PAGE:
Also, if you are using LINQ, you can apparently do something like myList.Select(methodGroup).

So, for example, I have:

private string DoSomethingToMyString(string input)
    // blah

Instead of explicitly stating the variable to be used like this:

public List<string> GetStringStuff()
    return something.getStringsFromSomewhere.Select(str => DoSomethingToMyString(str));

I can just omit the name of the var:

public List<string> GetStringStuff()
    return something.getStringsFromSomewhere.Select(DoSomethingToMyString);
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    A ReSharper recommendation is what led me to search for method group. This is what ReSharper ended up doing to one of my linq expressions. – a_hardin Nov 11 '10 at 13:59
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    @a_hardin: ReSharper FTW! I learned a lot about LINQ thanks to Resharper. – Jason Down Jan 6 '12 at 4:35
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    The "more explicit" version is only making an essentially useless wrapper method. The anonymous wrapper method and DoSomethingToMyString both take a string and return a string. The "str => [...](str)" characters are just cruft which the compiler hopefully optimizes away. – Grault Mar 18 '13 at 7:32
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    The compiler optimizes nothing. Using ILDASM, you see that the explicit version creates a anonymous method (the lambda implementation) and passes it to Select(). The implicit version passes DoSomethingToMyString directly. – Rolf Nov 14 '14 at 15:01
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    Reminds me of return flag == true ? true : false (facepalm). – ErikE Feb 20 '15 at 2:46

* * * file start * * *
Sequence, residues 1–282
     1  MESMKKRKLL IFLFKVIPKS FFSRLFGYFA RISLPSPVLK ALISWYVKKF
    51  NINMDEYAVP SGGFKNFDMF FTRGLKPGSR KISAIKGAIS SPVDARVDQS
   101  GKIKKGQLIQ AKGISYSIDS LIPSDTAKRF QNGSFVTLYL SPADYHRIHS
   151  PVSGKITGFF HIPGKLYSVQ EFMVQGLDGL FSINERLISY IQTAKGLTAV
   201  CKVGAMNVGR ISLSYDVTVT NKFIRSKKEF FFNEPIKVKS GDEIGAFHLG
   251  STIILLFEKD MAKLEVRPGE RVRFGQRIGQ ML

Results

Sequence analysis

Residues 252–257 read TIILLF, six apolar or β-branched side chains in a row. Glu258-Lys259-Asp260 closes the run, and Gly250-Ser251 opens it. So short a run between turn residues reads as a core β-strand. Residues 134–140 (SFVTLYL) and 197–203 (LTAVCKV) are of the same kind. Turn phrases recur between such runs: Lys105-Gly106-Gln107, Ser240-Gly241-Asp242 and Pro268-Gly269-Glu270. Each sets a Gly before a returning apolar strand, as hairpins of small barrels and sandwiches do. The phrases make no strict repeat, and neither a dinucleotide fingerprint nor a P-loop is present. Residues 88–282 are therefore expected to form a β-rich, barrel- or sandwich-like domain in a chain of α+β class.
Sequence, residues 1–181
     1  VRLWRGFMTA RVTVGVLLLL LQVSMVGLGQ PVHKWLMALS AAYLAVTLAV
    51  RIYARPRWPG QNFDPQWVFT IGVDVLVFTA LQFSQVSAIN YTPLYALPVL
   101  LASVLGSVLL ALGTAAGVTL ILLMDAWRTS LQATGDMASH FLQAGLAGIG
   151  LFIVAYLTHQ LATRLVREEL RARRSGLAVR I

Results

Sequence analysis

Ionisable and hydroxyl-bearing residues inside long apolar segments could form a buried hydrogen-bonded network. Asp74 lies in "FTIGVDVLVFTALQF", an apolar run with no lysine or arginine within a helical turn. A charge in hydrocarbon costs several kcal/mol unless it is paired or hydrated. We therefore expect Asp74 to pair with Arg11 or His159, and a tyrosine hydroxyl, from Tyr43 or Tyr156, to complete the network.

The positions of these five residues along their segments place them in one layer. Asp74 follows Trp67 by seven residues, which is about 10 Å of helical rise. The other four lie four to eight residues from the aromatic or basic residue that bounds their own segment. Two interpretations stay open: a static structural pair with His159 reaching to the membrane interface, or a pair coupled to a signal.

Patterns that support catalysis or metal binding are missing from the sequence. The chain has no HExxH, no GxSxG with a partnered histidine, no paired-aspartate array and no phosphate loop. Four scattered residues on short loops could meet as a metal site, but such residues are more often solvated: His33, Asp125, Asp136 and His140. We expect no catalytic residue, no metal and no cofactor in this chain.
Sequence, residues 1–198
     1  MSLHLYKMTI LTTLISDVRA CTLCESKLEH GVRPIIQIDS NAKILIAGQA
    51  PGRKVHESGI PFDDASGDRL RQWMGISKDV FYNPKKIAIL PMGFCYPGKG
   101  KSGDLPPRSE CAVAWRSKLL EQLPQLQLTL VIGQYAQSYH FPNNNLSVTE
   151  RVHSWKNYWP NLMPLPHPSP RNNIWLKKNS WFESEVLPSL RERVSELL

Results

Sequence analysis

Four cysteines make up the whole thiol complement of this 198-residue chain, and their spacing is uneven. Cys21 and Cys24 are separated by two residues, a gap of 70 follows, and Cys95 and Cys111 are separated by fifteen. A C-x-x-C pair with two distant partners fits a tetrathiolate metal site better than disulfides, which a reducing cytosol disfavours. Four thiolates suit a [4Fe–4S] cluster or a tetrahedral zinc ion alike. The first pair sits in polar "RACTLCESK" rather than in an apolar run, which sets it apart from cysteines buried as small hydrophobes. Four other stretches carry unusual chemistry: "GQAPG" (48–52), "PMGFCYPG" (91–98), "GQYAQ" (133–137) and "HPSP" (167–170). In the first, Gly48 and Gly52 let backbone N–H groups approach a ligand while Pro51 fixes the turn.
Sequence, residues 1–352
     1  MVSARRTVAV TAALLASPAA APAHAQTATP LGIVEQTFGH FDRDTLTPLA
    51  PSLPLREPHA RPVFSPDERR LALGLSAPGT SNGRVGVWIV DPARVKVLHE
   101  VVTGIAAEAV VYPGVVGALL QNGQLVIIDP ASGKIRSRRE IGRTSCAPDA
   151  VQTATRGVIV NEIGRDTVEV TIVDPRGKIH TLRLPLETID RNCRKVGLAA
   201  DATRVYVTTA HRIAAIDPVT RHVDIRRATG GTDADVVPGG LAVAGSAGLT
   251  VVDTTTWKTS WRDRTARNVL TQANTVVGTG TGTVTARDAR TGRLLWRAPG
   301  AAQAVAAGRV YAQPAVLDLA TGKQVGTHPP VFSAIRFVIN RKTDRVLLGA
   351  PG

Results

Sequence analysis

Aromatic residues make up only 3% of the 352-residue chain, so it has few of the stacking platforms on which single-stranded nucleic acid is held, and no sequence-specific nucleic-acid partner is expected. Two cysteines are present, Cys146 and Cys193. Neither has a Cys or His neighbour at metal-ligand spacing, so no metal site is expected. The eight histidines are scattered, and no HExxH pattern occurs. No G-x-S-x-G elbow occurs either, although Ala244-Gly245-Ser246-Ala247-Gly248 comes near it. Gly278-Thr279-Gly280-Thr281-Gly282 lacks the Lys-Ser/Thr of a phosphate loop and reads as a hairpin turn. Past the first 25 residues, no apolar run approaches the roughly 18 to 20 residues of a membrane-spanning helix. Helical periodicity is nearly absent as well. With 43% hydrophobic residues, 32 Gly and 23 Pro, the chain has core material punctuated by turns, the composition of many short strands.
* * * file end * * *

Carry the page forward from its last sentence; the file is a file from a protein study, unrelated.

You can cast a method group into a delegate.

The delegate signature selects 1 method out of the group.

This example picks the ToString() overload which takes a string parameter:

Func<string,string> fn = 123.ToString;

This example picks the ToString() overload which takes no parameters:

Func<string> fn = 123.ToString;
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The first result in your MSDN search said:

The method group identifies the one method to invoke or the set of overloaded methods from which to choose a specific method to invoke

my understanding is that basically because when you just write someInteger.ToString, it may refer to:


or it can refer to:


so it is called a method group.

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The ToString function has many overloads - the method group would be the group consisting of all the different overloads for that function.

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    Yes, and the point is that a method group is a compile-time construct. The compiler chooses one method overload according to the context where the message group is used. For example: you cannot write "var x = Foo;" (where Foo is a method group), the compiler rejects this even if there is only one overload. – Rolf Nov 14 '14 at 15:06